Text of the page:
Promoting evidence-based bird conservation: a valuable new resource and opportunities to share knowledge
By Tris Allinson, Fri, 14/06/2013 - 09:12
There is a growing trend in nature conservation towards making decisions based on the best available scientific evidence, rather than using other, untested, information sources. Using the best available evidence for conservation actions makes sense and should improve conservation outcomes. The Bird Conservation Synopsis ‘Bird Conservation: global evidence for the effects of interventions’ is a recently published book that synthesises available scientific knowledge on the effects of management actions for bird conservation. This new resource, available as a hard copy, a free PDF book, and a searchable database via the ConservationEvidence.com website, aims to make information easily and rapidly accessible to bird conservationists around the world, to help them make informed decisions. The resource, written by a group of conservationists from the University of Cambridge, summarises more than 1200 individual studies on the effectiveness of 322 different types of management intervention. A review of the book describes it as “… a fascinatingly detailed and important production that any serious bird conservationist should own”. An opportunity to find out more at the forthcoming BirdLife International World Congress in Ottawa, Canada To help promote evidence-based conservation for birds, a Side Event will be held at the BirdLife International World Congress (Thursday 20 June in Room 101) entitled “Sharing conservation experience through publication”. Participants at this event will:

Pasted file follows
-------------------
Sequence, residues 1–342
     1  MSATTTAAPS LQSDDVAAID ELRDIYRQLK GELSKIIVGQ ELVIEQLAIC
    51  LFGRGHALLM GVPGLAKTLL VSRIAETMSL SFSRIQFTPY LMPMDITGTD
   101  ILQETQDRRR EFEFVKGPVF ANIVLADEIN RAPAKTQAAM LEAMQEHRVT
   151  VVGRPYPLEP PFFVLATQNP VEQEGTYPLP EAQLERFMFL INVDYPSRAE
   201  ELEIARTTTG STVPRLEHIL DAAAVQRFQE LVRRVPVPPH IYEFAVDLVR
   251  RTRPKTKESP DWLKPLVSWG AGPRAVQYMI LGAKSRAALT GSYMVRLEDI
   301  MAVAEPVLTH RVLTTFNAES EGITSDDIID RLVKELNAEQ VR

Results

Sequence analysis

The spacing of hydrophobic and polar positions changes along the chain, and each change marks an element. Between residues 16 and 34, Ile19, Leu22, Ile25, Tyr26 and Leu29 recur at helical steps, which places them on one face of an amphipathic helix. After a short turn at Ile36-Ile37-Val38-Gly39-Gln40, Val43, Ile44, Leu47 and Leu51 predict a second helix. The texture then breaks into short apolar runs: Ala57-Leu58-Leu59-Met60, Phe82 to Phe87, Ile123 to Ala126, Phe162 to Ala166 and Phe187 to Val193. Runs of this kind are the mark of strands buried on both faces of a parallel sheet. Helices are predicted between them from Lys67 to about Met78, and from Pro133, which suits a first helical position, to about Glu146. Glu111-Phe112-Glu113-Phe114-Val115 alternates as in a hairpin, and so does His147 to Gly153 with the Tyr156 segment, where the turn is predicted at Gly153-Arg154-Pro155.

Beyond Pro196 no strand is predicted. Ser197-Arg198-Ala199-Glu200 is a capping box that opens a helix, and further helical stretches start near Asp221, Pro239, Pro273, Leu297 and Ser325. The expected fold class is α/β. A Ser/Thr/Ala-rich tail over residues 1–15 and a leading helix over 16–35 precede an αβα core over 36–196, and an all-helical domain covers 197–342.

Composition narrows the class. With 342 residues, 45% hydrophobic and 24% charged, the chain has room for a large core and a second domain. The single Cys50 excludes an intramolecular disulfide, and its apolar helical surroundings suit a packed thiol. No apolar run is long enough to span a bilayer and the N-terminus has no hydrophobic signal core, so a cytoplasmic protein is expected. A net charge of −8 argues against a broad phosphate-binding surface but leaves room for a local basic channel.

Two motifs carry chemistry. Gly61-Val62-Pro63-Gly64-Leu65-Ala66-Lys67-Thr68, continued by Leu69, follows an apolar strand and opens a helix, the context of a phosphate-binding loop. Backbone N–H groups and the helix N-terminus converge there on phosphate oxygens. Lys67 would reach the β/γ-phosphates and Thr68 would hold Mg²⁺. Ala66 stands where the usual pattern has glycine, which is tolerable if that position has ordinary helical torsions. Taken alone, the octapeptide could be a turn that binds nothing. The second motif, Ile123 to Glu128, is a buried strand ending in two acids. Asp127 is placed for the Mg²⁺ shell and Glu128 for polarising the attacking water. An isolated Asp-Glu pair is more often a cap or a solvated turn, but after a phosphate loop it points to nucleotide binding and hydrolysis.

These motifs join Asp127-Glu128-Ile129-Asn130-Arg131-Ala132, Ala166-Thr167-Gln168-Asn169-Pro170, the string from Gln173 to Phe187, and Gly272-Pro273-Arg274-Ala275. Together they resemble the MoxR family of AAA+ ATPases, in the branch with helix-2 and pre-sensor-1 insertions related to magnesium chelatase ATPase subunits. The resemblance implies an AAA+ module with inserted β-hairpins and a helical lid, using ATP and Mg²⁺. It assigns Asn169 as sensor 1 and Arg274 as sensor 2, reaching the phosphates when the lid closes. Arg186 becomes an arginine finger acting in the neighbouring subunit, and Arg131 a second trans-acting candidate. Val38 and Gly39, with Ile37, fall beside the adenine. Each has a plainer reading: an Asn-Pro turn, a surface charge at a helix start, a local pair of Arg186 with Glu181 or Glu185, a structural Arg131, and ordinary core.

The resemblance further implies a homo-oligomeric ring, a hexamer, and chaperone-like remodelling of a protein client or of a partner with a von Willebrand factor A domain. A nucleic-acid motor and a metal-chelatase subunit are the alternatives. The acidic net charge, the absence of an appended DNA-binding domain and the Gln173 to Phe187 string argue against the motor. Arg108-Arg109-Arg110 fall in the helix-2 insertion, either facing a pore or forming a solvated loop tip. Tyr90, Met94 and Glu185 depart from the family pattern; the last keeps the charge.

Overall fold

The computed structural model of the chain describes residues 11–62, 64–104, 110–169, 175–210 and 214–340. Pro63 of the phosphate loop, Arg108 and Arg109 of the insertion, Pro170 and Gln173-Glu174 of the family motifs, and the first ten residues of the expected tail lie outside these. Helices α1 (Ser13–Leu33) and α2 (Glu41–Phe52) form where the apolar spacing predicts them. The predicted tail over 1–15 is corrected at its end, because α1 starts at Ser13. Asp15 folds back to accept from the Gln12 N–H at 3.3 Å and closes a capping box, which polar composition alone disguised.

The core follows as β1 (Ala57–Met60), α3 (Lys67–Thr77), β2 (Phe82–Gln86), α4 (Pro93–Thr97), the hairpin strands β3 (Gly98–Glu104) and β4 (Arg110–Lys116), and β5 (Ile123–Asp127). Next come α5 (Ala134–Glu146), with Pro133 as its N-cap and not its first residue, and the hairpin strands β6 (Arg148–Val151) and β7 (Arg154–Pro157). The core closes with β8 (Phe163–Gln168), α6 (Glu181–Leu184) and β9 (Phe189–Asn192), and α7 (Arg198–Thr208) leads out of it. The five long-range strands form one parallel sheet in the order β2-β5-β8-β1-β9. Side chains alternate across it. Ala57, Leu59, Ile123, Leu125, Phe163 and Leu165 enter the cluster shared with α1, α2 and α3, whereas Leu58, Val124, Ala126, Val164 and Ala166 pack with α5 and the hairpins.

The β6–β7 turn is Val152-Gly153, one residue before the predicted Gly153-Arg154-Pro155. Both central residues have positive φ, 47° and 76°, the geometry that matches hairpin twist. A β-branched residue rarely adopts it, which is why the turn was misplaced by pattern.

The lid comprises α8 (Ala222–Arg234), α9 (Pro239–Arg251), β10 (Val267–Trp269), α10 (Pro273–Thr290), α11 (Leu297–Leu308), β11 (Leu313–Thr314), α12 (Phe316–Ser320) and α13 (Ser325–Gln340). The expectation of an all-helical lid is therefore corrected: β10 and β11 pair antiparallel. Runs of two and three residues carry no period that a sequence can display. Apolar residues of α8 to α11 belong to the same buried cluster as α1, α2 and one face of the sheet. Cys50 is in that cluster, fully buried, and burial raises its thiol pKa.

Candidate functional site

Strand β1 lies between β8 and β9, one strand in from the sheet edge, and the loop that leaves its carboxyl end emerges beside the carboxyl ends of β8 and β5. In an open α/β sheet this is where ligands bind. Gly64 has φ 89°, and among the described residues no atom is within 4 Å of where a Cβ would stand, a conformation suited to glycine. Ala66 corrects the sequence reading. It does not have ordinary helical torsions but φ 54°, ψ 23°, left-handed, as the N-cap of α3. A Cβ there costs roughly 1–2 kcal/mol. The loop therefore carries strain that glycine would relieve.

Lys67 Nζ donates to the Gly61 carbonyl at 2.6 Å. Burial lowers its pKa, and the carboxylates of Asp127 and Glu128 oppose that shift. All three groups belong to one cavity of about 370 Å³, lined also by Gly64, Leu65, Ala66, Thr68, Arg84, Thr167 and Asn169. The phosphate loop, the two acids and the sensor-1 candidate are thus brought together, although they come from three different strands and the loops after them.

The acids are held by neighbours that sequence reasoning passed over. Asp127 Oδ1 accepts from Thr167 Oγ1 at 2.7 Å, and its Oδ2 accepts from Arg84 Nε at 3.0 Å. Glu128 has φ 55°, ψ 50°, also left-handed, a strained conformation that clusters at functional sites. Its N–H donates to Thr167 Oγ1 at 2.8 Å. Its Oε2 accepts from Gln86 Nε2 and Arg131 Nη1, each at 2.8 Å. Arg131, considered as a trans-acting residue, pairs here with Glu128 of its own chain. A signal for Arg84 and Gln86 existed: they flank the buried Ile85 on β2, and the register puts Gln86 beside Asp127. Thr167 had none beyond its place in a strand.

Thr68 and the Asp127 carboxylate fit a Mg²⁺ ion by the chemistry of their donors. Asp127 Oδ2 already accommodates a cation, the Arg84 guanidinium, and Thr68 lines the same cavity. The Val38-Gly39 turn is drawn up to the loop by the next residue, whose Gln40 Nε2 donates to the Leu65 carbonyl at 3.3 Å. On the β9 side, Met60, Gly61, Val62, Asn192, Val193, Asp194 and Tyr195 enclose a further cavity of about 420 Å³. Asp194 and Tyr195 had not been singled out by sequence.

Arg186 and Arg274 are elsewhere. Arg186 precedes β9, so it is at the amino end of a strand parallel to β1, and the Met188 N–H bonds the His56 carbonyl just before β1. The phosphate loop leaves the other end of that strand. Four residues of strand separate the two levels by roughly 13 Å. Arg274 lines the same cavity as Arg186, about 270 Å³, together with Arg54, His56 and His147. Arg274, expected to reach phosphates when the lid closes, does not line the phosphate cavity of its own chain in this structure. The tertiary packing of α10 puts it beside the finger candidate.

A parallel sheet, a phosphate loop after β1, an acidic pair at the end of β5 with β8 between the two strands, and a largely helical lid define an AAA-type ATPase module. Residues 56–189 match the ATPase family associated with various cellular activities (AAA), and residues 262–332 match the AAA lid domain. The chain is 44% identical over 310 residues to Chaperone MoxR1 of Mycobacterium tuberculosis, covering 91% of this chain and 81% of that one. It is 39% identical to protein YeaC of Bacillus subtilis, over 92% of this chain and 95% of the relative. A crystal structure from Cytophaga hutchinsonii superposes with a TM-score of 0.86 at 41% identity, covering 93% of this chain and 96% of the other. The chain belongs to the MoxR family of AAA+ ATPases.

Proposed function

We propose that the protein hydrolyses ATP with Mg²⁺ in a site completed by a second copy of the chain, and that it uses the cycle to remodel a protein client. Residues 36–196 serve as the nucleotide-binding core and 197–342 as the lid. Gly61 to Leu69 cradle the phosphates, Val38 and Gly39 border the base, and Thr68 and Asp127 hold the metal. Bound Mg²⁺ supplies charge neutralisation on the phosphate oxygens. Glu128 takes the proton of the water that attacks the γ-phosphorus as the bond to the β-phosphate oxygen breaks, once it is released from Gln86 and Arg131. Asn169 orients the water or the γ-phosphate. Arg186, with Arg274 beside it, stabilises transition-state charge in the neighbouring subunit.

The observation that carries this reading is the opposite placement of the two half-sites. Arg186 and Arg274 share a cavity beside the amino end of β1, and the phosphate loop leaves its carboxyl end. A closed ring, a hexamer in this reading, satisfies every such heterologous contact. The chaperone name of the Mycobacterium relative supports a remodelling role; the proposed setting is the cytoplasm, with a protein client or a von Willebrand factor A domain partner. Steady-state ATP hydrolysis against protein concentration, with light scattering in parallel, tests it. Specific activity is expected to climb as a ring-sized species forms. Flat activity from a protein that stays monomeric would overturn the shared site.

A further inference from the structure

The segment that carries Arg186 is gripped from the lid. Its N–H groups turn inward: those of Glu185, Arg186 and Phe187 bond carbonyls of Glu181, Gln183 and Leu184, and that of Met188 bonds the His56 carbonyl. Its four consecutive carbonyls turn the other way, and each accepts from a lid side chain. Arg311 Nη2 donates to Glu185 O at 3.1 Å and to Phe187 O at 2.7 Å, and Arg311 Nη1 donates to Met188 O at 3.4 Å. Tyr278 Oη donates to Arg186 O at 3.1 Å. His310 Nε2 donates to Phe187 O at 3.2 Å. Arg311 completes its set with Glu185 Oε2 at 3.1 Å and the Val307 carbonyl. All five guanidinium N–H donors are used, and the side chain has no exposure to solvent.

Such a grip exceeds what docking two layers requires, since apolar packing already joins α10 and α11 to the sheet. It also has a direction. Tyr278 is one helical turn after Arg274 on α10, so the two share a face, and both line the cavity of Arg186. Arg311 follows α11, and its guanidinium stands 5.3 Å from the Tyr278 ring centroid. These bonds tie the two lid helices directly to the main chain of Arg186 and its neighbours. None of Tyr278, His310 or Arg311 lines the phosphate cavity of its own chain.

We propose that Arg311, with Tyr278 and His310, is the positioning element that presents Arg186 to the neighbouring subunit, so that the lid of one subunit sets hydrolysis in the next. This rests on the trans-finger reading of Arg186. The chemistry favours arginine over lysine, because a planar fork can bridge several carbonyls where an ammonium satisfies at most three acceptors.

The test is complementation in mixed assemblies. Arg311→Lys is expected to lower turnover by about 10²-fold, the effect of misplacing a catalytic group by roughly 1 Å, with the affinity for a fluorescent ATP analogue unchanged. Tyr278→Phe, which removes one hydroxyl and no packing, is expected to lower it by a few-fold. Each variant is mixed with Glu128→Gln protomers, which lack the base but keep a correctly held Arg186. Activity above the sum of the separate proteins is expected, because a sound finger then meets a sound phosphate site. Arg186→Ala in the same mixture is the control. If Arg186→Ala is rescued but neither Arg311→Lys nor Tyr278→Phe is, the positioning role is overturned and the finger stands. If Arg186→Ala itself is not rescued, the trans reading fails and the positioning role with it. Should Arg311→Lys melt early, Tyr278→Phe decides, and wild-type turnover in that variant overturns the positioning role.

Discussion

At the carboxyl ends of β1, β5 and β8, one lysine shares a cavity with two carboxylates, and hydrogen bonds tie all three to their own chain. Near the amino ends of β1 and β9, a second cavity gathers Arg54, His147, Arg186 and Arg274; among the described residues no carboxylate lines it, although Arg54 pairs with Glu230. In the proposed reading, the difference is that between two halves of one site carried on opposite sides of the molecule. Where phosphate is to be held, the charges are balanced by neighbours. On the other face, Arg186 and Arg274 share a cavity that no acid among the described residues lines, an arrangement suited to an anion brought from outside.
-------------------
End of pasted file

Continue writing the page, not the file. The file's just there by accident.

- Learn more about the new Bird Conservation Synopsis, and other sources of conservation evidence, including BirdLife’s journal Bird Conservation International, a compilation of Case Studies (State of the world’s birds), and the journal Conservation Evidence.
- Discuss the barriers to publication faced by conservation practitioners and some of the key gaps in scientific evidence that, if filled, could improve conservation practise.
This event will be a great opportunity for conservationists from around the world to share thoughts on publishing and to learn more about the many opportunities to use, and contribute to, important knowledge to improve conservation practice. As a result of the input received and the ideas generated, the organisers plan to produce an editorial on barriers to publication, and how these might be removed, in a forthcoming issue of Bird Conservation International. To widen the opportunity to input to this important work and to promote evidence-based conservation, BirdLife and the University of Cambridge are also conducting a global survey. If you are a bird conservationist, please consider filling in the following questionnaire:
Please share this link with all your bird conservation colleagues. Any questions? Contact Alfredo Romero at email@example.com. Many thanks in advance!